South Australia Police


Mr VAN HOLST PELLEKAAN (Stuart) (11:24): I move:

That this house—

(a) congratulates the South Australian p olice f orce for 175 years of service to our state; and

(b) recognises the excellent work of police officers who have served and currently serve our community.

It gives me great pleasure to move this motion, both as the member for Stuart and also as the shadow Minister for Police. The police in our state do excellent work. I will start by working through a few key dates. It is not possible to go through everything that could possibly be relevant to 175 years of history, but I will pick out a few that I think are particularly relevant. The South Australian police force, now renamed South Australia Police (or SAPOL), is unique in the history of Australian police forces in as much as, since its foundation on 28 April 1836, it has been continually centrally administered. This makes it the oldest police organisation in Australia and in Australasia, and one of the oldest established police forces in the world. Members will know that our state was proclaimed in 1836, so very shortly after that.

This happens by Governor Hindmarsh appointing inspector Inman, and asking inspector Inman to go and find 20 officers—10 on foot and 10 mounted—to support him. It was a pleasure to be at the Police Academy on Sunday and see a re-enactment of that, with the minister and many other people. For 120 years the fundamental structure of the South Australia Police was the division between mounted—typically country—and foot—typically metropolitan—police, even though some mounted police were in Adelaide and some foot police were in the country.

In 1838 the first police barracks were built on the north side of North Terrace, behind the present SA Museum. Prior to that, mounted constables, who later became known as troopers, had to be quartered in public houses or private lodgings. The administration of the Northern Territory was taken over by South Australia in 1863. The Northern Territory police were established in 1870, with one inspector and six men. They were part of the South Australia Police, but were managed entirely by an inspector in charge, who was responsible to the minister for the territory.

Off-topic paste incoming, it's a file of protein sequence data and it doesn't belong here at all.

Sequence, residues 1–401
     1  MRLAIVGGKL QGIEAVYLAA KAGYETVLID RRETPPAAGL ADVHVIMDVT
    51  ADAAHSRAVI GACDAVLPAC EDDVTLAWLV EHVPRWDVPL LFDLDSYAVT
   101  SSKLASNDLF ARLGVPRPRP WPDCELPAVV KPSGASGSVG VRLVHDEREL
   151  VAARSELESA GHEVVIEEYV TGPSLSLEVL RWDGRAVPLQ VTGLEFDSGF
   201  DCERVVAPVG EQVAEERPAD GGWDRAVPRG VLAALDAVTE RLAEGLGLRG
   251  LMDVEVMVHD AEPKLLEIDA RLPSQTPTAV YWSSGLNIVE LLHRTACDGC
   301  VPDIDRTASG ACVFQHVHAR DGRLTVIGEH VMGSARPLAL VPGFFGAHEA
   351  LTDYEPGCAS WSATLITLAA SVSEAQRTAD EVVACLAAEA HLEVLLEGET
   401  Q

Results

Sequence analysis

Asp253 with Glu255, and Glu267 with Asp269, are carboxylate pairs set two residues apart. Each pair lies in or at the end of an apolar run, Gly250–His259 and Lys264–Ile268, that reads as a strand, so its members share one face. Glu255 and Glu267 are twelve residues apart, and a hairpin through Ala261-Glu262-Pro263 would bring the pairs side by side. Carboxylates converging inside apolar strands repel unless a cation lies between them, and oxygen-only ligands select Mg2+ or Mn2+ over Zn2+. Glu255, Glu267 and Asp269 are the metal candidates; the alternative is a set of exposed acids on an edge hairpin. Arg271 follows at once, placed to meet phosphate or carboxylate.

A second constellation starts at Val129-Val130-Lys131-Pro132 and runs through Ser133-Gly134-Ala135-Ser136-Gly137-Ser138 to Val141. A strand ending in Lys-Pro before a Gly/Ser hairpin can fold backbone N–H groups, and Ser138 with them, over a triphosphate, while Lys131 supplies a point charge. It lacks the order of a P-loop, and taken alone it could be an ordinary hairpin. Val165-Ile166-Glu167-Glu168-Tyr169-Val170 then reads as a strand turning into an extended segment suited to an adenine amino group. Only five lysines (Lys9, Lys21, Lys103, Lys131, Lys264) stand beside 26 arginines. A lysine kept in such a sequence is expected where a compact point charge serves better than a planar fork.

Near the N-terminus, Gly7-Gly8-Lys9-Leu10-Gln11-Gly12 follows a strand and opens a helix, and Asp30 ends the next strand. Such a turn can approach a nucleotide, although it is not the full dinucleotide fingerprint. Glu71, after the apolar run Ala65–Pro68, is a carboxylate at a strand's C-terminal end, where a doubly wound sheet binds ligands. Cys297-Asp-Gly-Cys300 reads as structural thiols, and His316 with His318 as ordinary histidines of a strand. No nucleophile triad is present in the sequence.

In 1890 the force was divided into three branches—mounted, foot and detective—and the state was divided into six police divisions: metropolitan, suburban, south-eastern, central, northern and Far North. Police stations had also been established throughout the interior following the telegraph line to Darwin. It is interesting to see that these days South Australia is split up into 12 LSAs—six metro and country/outback—which is not a lot different to what was done back in 1890.

In 1891, 1 Angas Street, Adelaide became the permanent address of the headquarters of the South Australia police department. Again it is interesting to see that today we have a brand new police headquarters just down the road at 100 Angas Street, Adelaide. Very importantly, in 1911 the Police Association was established. It is fair to recognise that the Police Association is a very longstanding—just over 100 years old—organisation representing its members, and I think most people would acknowledge that, as far as organisations which represent police go, it is one of the most successful operating in our state. The South Australia women's police branch came into operation on 1 December 1915, the primary reason being the growing social problem of immorality in the community.

Ms Bedford: And it's all women's fault!

Mr VAN HOLST PELLEKAAN: I am not sure what they might think of today's situation—

The SPEAKER: I call the member for Florey to order.

Mr VAN HOLST PELLEKAAN: While we know that we live in a very fine state, I am sure the people from 1911 would find extraordinary the lifestyle we lead today.

Ms Bedford interjecting:

Mr VAN HOLST PELLEKAAN: The member for Florey might find this particularly interesting: the branch was the first women's police service in the then British empire and the second in the world, following Los Angeles in 1910. Since their inception, South Australian women police have had the same powers of apprehension as male officers. I think that is a credit to the South Australia Police and to our state.

In June 1922, the department purchased two Harley Davidson motorcycles with side cars for the control of traffic and special urgent police cases. These were the first motorised transport for South Australia Police, and in 1923 the first police car (a Hudson Tourer) was purchased. Again, it is fascinating to look at what we do today, with police having cars, boats, four-wheel drives, helicopters, planes and so on. Also, it is interesting to see that bicycles back then were pivotal modes of transport for police, as they are still today.